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Market Expansion Strategies for Turfgrass Producers in the Central United States
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Title: Market Expansion Strategies for Turfgrass Producers in the Central United States
Physical Description: Fact Sheet
Creator: Haydu, John J.
Publisher: University of Florida Cooperative Extension Service, Institute of Food and Agriculture Sciences, EDIS
Place of Publication: Gainesville, Fla.
Publication Date: 2002
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Acquisition: Collected for University of Florida's Institutional Repository by the UFIR Self-Submittal tool. Submitted by Melanie Mercer.
Publication Status: Published
General Note: "Published September 2002."
General Note: "FE357"
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Holding Location: University of Florida
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System ID: IR00001955:00001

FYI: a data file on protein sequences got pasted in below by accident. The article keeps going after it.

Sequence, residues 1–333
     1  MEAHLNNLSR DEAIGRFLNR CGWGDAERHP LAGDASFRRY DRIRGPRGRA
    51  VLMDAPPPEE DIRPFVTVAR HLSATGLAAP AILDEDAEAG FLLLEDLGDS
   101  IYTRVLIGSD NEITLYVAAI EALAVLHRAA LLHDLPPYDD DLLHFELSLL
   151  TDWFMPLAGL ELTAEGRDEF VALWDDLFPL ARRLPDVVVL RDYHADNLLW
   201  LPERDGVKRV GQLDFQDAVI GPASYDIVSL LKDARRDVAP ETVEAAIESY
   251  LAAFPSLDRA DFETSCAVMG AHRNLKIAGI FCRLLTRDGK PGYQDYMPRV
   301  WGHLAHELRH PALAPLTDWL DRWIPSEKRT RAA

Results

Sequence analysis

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Market Expansion Strategies for Turfgrass Producers in the Central United States1 J.J. Haydu, A.W. Hodges, L.N. Satterthwaite, and J.L. Cisar2 1. This is EDIS document FE357, a publication of the Department of Food and Resource Economics, Florida Cooperative Extension Service, Institute of Food and Agricultural Sciences, University of Florida, Gainesville, FL. Published September 2002. Please visit the EDIS website at http://edis.ifas.ufl.edu. This is an excerpt from Economic Information Report 01-04 (Market Expansion Strategies for Turfgrass Producers in the Central United States, by Haydu and Hodges, published in 2001, located online at http://hortbusiness.ifas.ufl.edu). The project was funded, in part, by Turfgrass Producers International, the U.S.-based trade association for turfgrass producers. 2. J.J. Haydu, Professor, Department of Food and Resource Economics, Mid-Florida Research and Education Center, Apopka, FL; A.W. Hodges, Assistant-In, Department of Food and Resource Economics, University of Florida, Gainesville, FL; L.N. Satterthwaite, Senior Statistician, Mid-Florida Research and Education Center, Apopka, FL; and J.L. Cisar, Professor, Fort Lauderdale Research and Education Center, Fort Lauderdale, FL; Florida Cooperative Extension Service, Institute of Food and Agricultural Sciences, University of Florida, Gainesville, FL. The use of trade names in this publication is solely for the purpose of providing specific information. UF/IFAS does not guarantee or warranty the products named, and references to them in this publication does not signify our approval to the exclusion of other products of suitable composition. The Institute of Food and Agricultural Sciences is an equal opportunity/affirmative action employer authorized to provide research, educational information and other services only to individuals and institutions that function without regard to race, color, sex, age, handicap, or national origin. For information on obtaining other extension publications, contact your county Cooperative Extension Service office. Florida Cooperative Extension Service/Institute of Food and Agricultural Sciences/University of Florida/Christine Taylor Waddill, Dean. Introduction When the International Turfgrass Producers Foundation (ITPF) funded the first phase (eastern United States) of its market research effort in late 1998, the U.S. economy was vibrant and the outlook for sod production was good. Research from the eastern region confirmed this assessment (Haydu and Hodges, 2000). Results suggested that the problem confronting producers was not demand, but ineffective approaches to marketing or insufficient resources directed at marketing. Interviewed customers reiterated the most fundamental marketing problems (e.g., not being able to find sod when it was needed, where it was needed, and how it was needed). The second phase of ITPF's marketing effort covered the central United States (Arkansas, Illinois, Iowa, Kansas, Louisiana, Minnesota, Missouri, Nebraska, North Dakota, Oklahoma, South Dakota, Texas, and Wisconsin). This report discusses research findings from the central region, comparisons of key results with those of the eastern region, and offers specific marketing recommendations. Results Market Outlets Turfgrass sod customers were grouped into four broad categories: general contractors, landscape services, retailers, and sports turf facilities. Figure 1 illustrates that for the central United States, the most important sod market was landscape services, followed by sports turf businesses, retailers, and general contractors. Roughly 80 percent of the sod in the central United States was purchased in the southern region (Arkansas, Kansas, Louisiana, Missouri, Oklahoma, and Texas) and, within this sector, landscape services and sports turf businesses were the largest sod consumers.